First wave of Windows 8 tablets rumored to arrive in October

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  • Reply 61 of 78
    Quote:
    Originally Posted by Relic View Post


    Well I like it and it's defiantly no more childish looking then iOS.



    At no point did I say it was childish. Stop putting words in my mouth.



    I like Metro for Tablets and Phones. On there it works very well because its clearly geared for small screens and fingers. When my iPhone4 contract is up I'm seriously considering a Nokia Lumia 900 if the iPhone 5 is not up to scratch.



    Desktops and Laptop, however... Yeah no

    Metro on desktops can be summed up with three words:

    Complication through Oversimplification.



    Yeah its pretty and all that; but its a waste of screen space, nearly everything I do in windows 7 and Mac OSX now requires an extra click in windows 8, the interface is very obscure and the layout is illogical:



    Why is the shutdown button in the settings and lock screen but not in the main menu?

    Why do I need to open the Metro settings panel to open the system settings (control panel)?

    Why is the control panel in Metro not linked in any way to the actual control panel?

    Why do metro apps not appear in the task bar?

    Why is there two independent versions of Internet Explorer on a desktop?

    Whats the point in Metro when opening the file browser or any other standard desktop application throws you out of metro and back to the normal explorer desktop?

    How is Metro supposed to replace or enhance the standard desktop when its applications are limited to a single full screen window with clunky task switching?

    What is the point of the "snap" feature when a normal floating window can do the same thing with far more freedom?

    Why has the start button been replaced with an arbitrary hot corner?

    A hot corner requires the mouse pointer be in the very corner of the screen, how are you supposed to do that comfortably on a tablet without triggering another function?

    Why do I need to go into the task manager to fully quit a Metro application?

    If its tablet oriented, why is the mouse friendly desktop still there?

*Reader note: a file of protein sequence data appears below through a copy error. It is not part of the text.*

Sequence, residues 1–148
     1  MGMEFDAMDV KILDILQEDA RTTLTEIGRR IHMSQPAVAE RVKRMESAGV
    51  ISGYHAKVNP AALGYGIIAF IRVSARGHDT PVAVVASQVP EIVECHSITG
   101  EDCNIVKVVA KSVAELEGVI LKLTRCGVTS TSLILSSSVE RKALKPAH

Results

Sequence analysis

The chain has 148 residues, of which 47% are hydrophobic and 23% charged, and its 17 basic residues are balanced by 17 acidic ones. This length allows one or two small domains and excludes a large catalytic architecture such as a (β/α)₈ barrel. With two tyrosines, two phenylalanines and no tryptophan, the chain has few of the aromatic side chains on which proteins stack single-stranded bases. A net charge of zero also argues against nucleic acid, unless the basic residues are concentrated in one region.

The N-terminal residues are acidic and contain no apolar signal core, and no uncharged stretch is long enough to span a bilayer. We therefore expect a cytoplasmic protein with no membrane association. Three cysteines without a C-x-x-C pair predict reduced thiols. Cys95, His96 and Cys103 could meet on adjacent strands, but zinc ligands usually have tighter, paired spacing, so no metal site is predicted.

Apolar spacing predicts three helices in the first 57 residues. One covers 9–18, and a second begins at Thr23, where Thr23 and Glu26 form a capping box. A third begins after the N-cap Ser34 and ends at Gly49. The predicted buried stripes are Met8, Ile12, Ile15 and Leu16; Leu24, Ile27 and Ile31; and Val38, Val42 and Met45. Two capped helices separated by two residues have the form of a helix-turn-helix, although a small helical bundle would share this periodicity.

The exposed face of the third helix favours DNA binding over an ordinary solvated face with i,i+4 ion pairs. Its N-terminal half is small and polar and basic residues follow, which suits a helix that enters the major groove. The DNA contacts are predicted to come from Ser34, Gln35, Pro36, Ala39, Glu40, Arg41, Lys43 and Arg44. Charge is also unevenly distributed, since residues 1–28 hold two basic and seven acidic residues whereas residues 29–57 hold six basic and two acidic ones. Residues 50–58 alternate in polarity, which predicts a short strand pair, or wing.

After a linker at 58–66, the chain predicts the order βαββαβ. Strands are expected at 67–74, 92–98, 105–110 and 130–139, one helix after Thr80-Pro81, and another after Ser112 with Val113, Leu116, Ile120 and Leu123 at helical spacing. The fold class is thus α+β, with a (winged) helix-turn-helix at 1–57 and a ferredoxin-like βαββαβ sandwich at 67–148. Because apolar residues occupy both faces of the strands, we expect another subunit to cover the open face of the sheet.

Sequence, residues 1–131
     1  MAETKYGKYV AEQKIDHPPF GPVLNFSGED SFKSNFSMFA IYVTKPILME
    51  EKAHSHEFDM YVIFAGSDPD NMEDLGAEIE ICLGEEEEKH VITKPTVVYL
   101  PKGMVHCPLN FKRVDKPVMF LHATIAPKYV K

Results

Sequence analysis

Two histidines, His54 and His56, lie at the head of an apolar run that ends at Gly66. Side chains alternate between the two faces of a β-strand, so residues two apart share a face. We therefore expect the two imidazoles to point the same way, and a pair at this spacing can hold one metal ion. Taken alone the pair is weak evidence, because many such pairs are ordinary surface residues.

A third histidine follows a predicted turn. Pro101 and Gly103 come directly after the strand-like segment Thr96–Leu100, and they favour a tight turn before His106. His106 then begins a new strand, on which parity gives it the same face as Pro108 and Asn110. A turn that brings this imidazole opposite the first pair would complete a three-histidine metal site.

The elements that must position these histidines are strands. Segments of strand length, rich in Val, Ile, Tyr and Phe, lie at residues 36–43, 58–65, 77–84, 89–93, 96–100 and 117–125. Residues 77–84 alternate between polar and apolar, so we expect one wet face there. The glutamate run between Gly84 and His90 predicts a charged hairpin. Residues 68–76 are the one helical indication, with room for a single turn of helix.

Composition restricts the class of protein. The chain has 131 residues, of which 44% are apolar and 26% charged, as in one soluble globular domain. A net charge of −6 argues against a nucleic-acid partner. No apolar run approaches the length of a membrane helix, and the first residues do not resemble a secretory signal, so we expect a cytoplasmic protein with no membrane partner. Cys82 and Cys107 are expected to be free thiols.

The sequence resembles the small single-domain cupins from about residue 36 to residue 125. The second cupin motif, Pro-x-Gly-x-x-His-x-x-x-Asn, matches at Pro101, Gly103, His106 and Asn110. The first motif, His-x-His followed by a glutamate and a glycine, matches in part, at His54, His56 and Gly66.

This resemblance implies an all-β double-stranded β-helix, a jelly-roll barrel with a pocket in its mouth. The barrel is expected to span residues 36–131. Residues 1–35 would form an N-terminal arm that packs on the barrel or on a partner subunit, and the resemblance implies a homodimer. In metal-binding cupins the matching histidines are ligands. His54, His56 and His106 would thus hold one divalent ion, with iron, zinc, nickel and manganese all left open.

I asked myself all these questions in the first ten minutes of using windows 8. Nothing about its interface makes sense. It either needs to be all Metro (downgrade to the 80s in terms of productivity) or be all Explorer Desktop (in which case its a pointless minor upgrade to Windows 7).
  • Reply 62 of 78
    relicrelic Posts: 4,735member
    Quote:
    Originally Posted by benanderson89 View Post


    I asked myself all these questions in the first ten minutes of using windows 8. Nothing about its interface makes sense. It either needs to be all Metro (downgrade to the 80s in terms of productivity) or be all Explorer Desktop (in which case its a pointless minor upgrade to Windows 7).



    Yep I agree, an all Metro UI is the way to go on a tablet. That's why I'm hoping the ARM version will be just that. As the ARM cpu is cot compatible with older Windows programs there will only be new apps written for the Metro, hopefully. This fall back to the classic desktop will ruin Windows 8, it's all or nothing Microsoft, second guessing will only turn more people away.



    I will buy a Windows 8 ARM tablet though as I am always excited about new things. If it works out I will continue to use it and promote it if not well I'll sell it and that will be that.



    One more thing, you mentioned that there was to much in the way of empty/wasted space on the Metro UI. I think this is the greatest strength. I find it pleasing to my eyes and I really like the live tiles. It makes a lot of sense, especially on a phone or tablet where your fingers do the clicking. Also, is there a way to close down apps in iOS, I don't know this but I think Metro also pauses it's apps when their in the background. Having a Control Panel is just an added benefit, like in Android. Although I think Android is the winner in dealing with opened software, click on the, "Opened Apps" icon, then using your finger slide the app in you want closed to the left, same as unlocking an iPhone but you slide left instead of right, awesome idea.
  • Reply 63 of 78
    Quote:
    Originally Posted by Relic View Post


    Yep I agree, an all Metro UI is the way to go on a tablet. That's why I'm hoping the ARM version will be just that. As the ARM cpu is cot compatible with older Windows programs there will only be new apps written for the Metro, hopefully. This fall back to the classic desktop will ruin Windows 8, it's all or nothing Microsoft, second guessing will only turn more people away.



    I will buy a Windows 8 ARM tablet though as I am always excited about new things. If it works out I will continue to use it and promote it if not well I'll sell it and that will be that.